Saturday, September 1, 2007

It's Not How Good You Are...

I'm ashamed to admit that I was shopping at Urban Outfitters tonight. I found my favorite t-shirt there, and ever since then I find myself uncomfortably looking through the other clothing there, wondering if I might look good (or, perhaps, younger) in an Atari t-shirt and a pair of Converse All-Stars. The answer is, absolutely not.

But there's something a little too canned about the whole UO thing, isn't there? Like Pottery Barn, or, scarier yet, Hot Topic, it seems like the idea is to walk in and buy a complete life, kitschy accessories and all. But, like the silk calla lilies permanently frozen in clear plastic resin-filled vases at Restoration Hardware, it only appears authentic from a distance. People should own ratty t-shirts, made that way from years of wear. We naturally amass small collections of curios from the places we visit. Pablo Neruda, in his poem entitled "Ode to Things," wrote,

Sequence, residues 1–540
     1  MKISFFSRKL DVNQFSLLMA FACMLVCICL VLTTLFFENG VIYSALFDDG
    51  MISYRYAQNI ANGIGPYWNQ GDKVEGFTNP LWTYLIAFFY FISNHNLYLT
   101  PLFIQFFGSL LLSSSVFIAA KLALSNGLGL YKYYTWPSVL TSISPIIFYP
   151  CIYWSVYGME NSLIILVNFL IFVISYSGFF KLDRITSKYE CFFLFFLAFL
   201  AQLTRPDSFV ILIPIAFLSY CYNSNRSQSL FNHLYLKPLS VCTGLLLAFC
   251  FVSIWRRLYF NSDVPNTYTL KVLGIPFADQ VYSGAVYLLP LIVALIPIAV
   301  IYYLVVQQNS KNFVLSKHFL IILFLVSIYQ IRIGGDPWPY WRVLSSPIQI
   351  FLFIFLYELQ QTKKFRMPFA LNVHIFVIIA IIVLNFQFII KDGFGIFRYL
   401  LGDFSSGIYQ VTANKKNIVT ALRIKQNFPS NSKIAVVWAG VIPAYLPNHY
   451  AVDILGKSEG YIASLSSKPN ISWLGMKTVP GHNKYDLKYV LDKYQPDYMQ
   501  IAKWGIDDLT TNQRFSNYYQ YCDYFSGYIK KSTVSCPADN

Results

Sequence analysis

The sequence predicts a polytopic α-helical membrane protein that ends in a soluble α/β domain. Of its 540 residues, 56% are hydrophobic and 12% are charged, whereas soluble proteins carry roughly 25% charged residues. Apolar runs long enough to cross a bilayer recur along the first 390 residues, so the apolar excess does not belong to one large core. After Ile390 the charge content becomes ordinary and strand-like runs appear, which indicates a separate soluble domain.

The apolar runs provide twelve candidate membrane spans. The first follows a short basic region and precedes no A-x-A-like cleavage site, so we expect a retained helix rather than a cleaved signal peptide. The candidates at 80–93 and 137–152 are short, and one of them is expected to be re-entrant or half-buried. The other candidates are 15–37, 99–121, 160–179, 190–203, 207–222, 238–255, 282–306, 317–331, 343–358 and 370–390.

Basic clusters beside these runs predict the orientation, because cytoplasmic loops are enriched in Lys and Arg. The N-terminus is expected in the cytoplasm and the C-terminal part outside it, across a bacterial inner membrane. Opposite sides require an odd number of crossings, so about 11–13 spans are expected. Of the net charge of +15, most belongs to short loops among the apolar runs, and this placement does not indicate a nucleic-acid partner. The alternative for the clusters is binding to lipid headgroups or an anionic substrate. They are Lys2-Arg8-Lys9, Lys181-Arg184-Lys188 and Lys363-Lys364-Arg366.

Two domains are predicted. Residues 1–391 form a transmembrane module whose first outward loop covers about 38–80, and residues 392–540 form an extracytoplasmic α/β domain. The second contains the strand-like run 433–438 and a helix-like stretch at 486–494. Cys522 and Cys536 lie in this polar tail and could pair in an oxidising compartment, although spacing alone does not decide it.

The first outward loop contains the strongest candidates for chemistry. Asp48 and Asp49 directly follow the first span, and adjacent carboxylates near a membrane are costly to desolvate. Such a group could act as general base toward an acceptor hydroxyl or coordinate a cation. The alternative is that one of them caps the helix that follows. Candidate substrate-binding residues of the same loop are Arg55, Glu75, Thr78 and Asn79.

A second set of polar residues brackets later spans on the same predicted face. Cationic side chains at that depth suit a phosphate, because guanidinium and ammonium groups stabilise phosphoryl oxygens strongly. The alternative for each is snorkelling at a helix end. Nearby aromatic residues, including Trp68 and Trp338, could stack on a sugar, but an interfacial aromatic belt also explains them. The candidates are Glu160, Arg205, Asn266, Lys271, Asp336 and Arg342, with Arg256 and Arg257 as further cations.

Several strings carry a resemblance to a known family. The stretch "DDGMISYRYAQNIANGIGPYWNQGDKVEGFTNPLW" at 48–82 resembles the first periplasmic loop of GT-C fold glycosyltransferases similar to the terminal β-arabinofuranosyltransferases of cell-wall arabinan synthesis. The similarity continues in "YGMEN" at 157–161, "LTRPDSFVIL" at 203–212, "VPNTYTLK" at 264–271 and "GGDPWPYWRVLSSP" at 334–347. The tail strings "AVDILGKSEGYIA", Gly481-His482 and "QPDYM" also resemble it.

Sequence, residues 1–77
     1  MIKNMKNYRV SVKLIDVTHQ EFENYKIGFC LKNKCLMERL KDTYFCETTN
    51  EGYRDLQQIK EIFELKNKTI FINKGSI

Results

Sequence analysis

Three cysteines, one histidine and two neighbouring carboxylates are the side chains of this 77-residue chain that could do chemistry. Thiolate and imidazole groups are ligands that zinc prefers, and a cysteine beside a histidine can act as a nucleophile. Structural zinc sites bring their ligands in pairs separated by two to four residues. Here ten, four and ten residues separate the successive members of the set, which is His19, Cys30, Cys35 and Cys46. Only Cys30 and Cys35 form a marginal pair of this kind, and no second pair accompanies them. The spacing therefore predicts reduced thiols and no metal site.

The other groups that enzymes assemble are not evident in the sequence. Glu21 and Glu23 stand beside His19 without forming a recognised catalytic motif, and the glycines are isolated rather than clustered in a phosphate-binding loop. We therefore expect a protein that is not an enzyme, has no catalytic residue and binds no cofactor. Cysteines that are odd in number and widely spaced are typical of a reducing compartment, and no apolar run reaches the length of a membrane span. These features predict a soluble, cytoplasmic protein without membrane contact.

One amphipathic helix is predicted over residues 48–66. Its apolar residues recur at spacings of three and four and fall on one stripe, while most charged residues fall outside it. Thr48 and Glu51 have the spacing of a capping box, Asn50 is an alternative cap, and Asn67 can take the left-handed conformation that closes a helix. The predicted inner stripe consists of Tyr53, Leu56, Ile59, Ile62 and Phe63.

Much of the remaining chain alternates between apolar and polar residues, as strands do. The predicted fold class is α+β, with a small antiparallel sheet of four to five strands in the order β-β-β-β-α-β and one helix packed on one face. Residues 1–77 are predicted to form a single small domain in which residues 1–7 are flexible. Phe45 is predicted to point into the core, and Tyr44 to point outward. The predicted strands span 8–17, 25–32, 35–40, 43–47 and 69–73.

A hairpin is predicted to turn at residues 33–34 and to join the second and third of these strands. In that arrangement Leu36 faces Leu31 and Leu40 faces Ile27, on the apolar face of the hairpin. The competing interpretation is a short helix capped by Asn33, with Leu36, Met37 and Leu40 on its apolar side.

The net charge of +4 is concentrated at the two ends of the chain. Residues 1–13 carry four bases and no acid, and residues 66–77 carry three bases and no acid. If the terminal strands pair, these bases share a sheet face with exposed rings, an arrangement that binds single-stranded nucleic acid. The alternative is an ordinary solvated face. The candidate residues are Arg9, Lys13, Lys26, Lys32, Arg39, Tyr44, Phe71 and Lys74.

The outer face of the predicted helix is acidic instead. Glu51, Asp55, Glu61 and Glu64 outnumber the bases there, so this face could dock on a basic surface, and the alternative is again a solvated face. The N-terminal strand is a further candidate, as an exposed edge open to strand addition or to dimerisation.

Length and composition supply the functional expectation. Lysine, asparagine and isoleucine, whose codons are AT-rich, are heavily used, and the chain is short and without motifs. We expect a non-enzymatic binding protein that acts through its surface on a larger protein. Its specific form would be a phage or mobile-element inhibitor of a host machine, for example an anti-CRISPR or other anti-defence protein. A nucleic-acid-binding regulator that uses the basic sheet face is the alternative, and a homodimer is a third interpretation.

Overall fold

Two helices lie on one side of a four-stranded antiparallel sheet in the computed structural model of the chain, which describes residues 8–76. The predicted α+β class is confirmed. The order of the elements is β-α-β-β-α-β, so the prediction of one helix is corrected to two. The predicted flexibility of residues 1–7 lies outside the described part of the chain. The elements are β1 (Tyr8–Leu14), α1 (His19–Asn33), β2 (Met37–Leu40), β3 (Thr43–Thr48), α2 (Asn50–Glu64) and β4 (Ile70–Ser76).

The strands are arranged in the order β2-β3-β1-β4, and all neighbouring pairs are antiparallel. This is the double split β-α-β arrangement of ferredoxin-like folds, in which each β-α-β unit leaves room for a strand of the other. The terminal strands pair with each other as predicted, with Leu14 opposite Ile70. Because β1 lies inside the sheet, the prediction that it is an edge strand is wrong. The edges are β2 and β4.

I have a crazy,
crazy love of things.
I like pliers,
and scissors.
I love
and bowls –
not to speak, or course,
of hats.
I love
all things,
not just
the grandest,
small –
and flower vases.

and later:

many things conspired
to tell me the whole story.
Not only did they touch me,
or my hand touched them:
they were
so close
that they were a part
of my being,
they were so alive with me
that they lived half my life
and will die half my death.
But it seems wrong to have a supplier (or "outfitter") for these items. I believe many of these stores are, more accurately, suburban outfitters.